Frankie Fey

by Rigby Taylor

Chapter 39


Spiritually, if not physically refreshed, satchel under his seat, Frankie marvelled at the amount of forest remaining in such an overpopulated country. The smoothly sealed road soon left the valley and wound up rocky slopes with not a tree or shrub to inhibit the view of distant mountains. Then down and along stony canyons beside pale grey glacial water that roared over huge boulders and rapids. Then more green valleys. The most interesting of the stops was at a waterfall tumbling a hundred metres down rocks into a pool formed by a low dam, in which men stripped to their shorts, splashed, laughing and shouting from the cold. Frankie and his two fellow travellers joined them.

The scene was romantic, a deep cleft in the mountains among dense temperate rainforest trees. Then they were on the road again through more steep-sided valleys with roaring torrents and chalet-type houses on terraces cut into the green grassy or heavily treed sides. A bright pink, beautifully maintained two storeyed house looked as if it might slide in to the river.

The road wound ever upwards and at the top of a bleak, treeless and windswept pass, the State Bank of Sikkim proudly announced that at 12,400 feet this was the highest Branch in India. Beside it was an open market where the most popular garments were heavily padded jackets—an unwelcome reminder of approaching winter. Next to that, an elegant shelter without walls built among the stones and rubble of landslides, had a large and beautiful red and white velvety banner depicting roses, draped across the front. Beyond the valley the world's third highest peak, Mount Kanchenjunga (8,598 m/28,208 ft) rose in splendour among attendant snow-capped mountains that appeared to float under an indigo sky.

Half an hour later they were looking down on a straggling collection of buildings on the far side of a wide stony riverbed. Grey-blue water ran rapidly over rough rocks and boulders. A five storey yellow building and a bright blue similar structure looked odd among the single storey dwellings. The taxi crossed the river on a single lane iron bridge and stopped in front of a four storey white building with what looked like another small house on top, and banners and flags fluttering from poles on the roof. Towering directly above were rocky, snow-covered ridges and peaks. The air was chill. Lachung was only a hundred and twenty-five kilometres north of Gangtok but much higher up the mountains.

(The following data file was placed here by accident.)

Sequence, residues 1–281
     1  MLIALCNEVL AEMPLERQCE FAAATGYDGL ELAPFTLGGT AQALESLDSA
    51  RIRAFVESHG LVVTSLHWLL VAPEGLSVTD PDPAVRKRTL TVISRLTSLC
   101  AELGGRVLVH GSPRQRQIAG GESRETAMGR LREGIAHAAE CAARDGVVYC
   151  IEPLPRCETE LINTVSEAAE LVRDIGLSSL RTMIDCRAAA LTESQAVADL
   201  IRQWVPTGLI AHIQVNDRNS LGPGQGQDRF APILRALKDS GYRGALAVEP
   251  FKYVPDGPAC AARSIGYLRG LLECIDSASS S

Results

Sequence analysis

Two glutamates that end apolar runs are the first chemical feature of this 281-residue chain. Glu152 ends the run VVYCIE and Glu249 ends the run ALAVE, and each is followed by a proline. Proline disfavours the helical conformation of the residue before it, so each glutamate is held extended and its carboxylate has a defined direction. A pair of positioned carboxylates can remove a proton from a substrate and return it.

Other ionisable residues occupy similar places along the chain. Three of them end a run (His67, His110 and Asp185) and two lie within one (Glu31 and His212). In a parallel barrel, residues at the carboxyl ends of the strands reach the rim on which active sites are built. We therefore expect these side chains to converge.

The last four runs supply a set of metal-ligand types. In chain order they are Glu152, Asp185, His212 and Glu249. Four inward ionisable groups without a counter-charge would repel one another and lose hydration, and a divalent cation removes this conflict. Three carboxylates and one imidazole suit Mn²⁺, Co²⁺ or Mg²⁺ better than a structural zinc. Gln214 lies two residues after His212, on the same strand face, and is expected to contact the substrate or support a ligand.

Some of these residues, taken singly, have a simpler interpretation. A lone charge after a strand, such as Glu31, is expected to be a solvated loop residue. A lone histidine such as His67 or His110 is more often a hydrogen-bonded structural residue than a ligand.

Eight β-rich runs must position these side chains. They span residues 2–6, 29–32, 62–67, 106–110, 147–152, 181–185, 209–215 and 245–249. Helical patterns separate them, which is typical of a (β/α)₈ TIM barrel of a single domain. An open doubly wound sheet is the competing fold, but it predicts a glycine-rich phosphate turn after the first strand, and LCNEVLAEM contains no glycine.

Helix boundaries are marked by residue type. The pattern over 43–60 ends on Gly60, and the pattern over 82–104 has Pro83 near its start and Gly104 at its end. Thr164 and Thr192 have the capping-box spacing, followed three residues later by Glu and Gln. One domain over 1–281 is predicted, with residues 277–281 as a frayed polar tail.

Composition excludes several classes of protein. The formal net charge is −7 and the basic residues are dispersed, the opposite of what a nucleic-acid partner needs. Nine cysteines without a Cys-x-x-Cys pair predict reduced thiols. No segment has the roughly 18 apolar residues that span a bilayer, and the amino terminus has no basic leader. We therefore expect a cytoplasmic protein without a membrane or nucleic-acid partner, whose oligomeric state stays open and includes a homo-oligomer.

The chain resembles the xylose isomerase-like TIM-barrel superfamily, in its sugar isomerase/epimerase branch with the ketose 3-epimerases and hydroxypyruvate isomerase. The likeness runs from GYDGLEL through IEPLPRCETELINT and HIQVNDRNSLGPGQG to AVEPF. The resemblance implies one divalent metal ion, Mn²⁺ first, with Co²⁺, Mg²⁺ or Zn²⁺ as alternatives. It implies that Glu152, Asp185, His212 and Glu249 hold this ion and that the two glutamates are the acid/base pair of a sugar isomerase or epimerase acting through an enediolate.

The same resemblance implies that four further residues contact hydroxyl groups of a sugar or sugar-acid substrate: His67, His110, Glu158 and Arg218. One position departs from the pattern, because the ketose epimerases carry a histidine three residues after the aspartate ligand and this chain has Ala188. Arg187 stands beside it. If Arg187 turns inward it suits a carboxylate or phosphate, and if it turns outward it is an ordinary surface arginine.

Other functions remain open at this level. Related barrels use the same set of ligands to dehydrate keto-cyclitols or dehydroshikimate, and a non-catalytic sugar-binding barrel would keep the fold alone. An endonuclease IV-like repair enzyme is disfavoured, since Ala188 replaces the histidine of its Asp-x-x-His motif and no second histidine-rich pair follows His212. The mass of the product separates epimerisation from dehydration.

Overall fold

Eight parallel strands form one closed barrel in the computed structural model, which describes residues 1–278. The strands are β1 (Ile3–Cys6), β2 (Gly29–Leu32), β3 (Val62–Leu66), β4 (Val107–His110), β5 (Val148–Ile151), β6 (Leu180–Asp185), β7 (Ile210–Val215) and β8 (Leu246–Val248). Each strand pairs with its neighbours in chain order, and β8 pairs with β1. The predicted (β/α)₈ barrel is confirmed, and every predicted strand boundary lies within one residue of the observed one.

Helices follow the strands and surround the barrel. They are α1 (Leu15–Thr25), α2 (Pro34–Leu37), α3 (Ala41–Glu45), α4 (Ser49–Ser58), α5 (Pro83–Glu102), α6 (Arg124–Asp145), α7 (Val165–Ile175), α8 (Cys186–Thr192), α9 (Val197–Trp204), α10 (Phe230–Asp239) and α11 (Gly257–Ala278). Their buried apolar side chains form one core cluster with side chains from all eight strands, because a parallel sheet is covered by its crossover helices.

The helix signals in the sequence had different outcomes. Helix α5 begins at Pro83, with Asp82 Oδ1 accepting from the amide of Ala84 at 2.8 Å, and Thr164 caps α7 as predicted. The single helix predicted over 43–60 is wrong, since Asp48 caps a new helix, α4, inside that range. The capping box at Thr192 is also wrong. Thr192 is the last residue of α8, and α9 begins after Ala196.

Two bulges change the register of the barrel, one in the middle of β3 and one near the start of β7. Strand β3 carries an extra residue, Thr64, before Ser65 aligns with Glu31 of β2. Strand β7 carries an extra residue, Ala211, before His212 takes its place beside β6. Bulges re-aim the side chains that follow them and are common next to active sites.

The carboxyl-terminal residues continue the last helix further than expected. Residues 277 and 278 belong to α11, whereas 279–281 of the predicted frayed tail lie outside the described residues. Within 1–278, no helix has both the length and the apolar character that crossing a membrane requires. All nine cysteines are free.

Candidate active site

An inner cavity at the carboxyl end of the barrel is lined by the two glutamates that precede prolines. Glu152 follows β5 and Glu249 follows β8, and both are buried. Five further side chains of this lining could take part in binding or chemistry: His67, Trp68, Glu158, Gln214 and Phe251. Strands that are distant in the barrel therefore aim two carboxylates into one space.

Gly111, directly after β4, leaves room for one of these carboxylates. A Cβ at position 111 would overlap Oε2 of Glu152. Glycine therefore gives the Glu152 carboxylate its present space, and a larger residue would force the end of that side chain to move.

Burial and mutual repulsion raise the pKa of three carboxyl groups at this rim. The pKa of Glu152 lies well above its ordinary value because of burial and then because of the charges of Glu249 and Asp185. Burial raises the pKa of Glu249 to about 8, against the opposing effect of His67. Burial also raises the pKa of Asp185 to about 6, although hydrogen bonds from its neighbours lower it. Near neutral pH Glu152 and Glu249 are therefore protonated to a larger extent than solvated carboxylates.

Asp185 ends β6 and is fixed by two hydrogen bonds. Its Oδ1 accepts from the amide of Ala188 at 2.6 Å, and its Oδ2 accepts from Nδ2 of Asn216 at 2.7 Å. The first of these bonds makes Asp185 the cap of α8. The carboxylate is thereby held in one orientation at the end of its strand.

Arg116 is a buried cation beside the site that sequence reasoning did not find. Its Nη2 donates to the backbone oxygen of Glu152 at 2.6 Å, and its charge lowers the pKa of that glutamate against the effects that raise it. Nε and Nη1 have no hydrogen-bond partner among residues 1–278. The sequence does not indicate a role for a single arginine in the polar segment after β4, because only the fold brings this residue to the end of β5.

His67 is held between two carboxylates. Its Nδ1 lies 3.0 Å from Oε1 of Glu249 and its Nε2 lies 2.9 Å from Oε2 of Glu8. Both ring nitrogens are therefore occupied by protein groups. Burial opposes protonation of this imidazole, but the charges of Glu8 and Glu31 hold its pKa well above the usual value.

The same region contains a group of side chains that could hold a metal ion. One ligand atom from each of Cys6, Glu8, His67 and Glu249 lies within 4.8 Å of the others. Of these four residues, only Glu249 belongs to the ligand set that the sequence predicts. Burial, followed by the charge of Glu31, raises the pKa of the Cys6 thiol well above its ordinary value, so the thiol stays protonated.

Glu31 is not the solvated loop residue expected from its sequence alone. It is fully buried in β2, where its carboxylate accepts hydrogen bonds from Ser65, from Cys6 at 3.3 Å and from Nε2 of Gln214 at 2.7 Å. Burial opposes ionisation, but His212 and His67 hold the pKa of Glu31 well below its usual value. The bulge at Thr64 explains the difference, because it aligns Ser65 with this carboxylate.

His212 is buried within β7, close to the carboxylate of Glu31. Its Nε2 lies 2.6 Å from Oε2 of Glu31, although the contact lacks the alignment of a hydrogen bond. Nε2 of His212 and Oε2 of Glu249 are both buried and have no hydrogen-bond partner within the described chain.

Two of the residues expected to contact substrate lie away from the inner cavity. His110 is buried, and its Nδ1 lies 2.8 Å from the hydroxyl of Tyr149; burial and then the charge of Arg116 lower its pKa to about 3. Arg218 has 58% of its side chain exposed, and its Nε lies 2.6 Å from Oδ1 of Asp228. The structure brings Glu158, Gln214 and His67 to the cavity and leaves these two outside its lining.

The white house was a hostel for trampers, so after a healthy meal and a stroll up and down the village and across the river, Frankie retired to a comfortable warm bed where he shed a couple of tears at being alone again. Sushant was twelve years older than him. They were totally different. It had to end like this, but… every parting is a form of death, he had read somewhere, and it certainly felt like that in the stillness of the mountains so far from home.

The following morning, before setting out along the road that his host assured him led to the mountain trail leading up to Sankturi, he visited a nearby ancient Buddhist monastery containing important engravings that, when he saw them, meant nothing. The hostel owner had seemed surprised that a young man would be heading further into the mountains with only a small satchel, wearing sneakers and an anorak over ordinary clothes, but what was it to him if the mad Englishman never returned?

The rough road led due west through spell-binding natural beauty, rough alpine forests, cleared terraces, canyons and mesmerizing views of snow-covered mountain peaks. But it was not the cosy luxuriance of Gangtok. Here, trees were sparse. Shrubs, and dry tussocky grass failed to conceal the barren rocks beneath. The occasional cottage had a rusting iron roof and tattered flags fluttering from poles. Drunken telegraph poles followed the track. Narrow runnels of water ran down great swathes of bare mountainsides and vast slabs of rock. In a few months all would be covered in snow. A shudder ran through him. He had been stupid to leave his visit so late. But then he wouldn't have met Sushant. He smiled at the way life depended on chance.